As requirements for the Credit Card Accountability, Responsibility and Disclosure (CARD) Act loom, some students may find they are already deep in the hole when it comes to credit card debt.
Take, for instance, Bryce Petty, a 28-year-old graduate from the University of Pennsylvania. Petty, who was recently featured in an article from Reuters, has amassed $11,000 in credit card debt on five different cards. As a result, she has enrolled in debt management programs in order to get out of debt.
Her past has affected her credit score, which is making it harder for her to carry on with her adult life.
“I have this great Ivy League education, but now I can’t get a loan or apartment without a co-signer,” Petty told Reuters. “It’s an ongoing battle that makes me afraid for the future.”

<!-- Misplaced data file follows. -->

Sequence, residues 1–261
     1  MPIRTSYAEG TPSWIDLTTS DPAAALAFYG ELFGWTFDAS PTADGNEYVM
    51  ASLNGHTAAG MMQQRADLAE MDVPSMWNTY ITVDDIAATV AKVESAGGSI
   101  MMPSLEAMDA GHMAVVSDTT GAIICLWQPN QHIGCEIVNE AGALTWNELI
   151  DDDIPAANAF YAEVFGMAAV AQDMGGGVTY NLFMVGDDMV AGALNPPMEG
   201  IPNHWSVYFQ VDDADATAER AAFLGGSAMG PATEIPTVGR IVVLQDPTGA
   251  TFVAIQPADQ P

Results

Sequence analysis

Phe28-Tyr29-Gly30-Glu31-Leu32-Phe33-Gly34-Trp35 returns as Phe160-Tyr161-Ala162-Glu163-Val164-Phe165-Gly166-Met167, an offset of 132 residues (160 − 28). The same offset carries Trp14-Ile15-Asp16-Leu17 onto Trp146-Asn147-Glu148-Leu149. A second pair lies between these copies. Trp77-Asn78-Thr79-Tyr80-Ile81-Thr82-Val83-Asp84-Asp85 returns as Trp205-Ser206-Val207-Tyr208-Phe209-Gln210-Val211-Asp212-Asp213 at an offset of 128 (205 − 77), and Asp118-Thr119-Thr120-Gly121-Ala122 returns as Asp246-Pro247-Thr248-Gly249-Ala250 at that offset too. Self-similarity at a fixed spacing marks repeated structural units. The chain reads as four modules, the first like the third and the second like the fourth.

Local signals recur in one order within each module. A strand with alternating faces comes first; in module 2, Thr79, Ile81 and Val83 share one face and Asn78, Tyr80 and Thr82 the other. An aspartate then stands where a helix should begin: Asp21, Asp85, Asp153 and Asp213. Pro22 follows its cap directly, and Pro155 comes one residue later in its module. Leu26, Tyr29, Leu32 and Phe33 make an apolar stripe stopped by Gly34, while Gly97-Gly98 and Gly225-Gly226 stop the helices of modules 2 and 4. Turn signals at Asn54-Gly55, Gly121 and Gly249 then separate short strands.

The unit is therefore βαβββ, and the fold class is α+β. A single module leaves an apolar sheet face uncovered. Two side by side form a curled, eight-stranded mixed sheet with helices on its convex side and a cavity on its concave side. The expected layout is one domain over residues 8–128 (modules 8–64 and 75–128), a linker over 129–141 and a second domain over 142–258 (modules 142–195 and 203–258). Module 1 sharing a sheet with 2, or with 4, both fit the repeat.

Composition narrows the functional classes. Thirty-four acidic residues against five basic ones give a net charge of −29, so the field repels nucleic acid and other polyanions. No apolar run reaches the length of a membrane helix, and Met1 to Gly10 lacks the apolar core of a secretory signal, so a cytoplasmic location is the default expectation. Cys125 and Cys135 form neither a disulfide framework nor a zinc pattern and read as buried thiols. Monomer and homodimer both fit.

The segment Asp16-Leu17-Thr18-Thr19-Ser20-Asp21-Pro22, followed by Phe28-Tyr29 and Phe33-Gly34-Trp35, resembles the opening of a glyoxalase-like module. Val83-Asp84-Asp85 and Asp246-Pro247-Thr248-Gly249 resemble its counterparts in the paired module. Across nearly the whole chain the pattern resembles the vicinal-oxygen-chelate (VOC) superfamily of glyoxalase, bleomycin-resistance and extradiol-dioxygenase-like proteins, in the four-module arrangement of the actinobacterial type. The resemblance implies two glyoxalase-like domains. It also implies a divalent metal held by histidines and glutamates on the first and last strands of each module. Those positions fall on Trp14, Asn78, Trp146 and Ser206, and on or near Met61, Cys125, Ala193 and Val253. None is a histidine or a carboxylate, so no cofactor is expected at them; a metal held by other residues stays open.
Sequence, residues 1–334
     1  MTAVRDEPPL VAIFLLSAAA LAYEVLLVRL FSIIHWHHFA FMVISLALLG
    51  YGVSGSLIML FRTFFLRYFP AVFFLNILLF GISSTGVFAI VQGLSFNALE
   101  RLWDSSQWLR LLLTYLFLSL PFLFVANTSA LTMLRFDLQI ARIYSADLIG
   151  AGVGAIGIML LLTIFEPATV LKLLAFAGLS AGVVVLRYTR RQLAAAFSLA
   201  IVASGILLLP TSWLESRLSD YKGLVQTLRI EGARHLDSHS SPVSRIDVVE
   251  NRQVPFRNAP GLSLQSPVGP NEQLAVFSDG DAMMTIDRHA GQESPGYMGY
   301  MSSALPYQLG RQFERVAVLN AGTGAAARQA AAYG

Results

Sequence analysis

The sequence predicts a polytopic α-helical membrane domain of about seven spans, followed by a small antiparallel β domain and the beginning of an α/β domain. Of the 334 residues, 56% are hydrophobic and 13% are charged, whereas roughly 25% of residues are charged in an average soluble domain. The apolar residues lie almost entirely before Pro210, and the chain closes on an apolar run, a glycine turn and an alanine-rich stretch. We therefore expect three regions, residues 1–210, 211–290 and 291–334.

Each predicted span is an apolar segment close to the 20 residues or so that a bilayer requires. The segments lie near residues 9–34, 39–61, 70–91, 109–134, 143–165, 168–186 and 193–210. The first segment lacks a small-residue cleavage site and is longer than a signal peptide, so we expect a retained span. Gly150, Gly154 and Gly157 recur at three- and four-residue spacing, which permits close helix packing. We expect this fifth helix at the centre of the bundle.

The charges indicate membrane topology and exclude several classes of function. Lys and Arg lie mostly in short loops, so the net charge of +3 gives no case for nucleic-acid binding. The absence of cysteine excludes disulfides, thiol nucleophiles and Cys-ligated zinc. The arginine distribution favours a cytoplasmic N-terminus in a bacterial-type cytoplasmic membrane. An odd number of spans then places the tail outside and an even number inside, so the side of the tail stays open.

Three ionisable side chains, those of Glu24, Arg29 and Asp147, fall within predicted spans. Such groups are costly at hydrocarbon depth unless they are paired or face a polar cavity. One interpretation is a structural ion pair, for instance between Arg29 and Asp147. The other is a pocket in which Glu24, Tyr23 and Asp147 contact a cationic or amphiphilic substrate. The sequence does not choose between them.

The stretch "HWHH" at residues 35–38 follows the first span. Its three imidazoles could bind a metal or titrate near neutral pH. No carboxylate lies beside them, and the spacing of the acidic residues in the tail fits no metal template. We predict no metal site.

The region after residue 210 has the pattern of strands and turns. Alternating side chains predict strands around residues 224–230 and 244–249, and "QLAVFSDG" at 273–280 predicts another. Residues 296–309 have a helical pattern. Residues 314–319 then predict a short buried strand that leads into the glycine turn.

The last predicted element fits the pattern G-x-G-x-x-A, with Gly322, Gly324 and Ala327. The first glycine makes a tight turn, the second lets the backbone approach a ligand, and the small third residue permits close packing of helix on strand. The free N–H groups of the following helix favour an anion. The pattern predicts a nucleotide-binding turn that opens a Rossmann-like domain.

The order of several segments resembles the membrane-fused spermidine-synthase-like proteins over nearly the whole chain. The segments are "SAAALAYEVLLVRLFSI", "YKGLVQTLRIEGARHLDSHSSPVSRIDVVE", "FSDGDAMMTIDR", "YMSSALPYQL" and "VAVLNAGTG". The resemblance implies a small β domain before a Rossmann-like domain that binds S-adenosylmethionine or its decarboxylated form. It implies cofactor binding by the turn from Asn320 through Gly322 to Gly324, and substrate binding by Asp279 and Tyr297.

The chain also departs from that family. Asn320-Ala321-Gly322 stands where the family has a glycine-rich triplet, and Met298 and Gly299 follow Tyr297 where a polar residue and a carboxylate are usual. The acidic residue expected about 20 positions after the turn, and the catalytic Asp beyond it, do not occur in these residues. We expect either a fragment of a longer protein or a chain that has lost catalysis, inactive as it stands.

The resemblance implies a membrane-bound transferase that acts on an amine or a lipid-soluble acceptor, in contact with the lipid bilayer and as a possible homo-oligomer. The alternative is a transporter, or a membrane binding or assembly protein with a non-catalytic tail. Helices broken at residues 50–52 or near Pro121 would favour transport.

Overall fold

New requirements in the Credit CARD Act, including requiring some people under 21 to get a co-signer for a credit card, are aimed at trying to prevent students from falling into debt at an early age. According to Sallie Mae, the average credit card debt for a graduating senior was $4,100 in 2008, up from $2,900 in 2004.
Furthermore, states such as Illinois and Connecticut have passed laws limiting the ability of companies to market credit cards to students.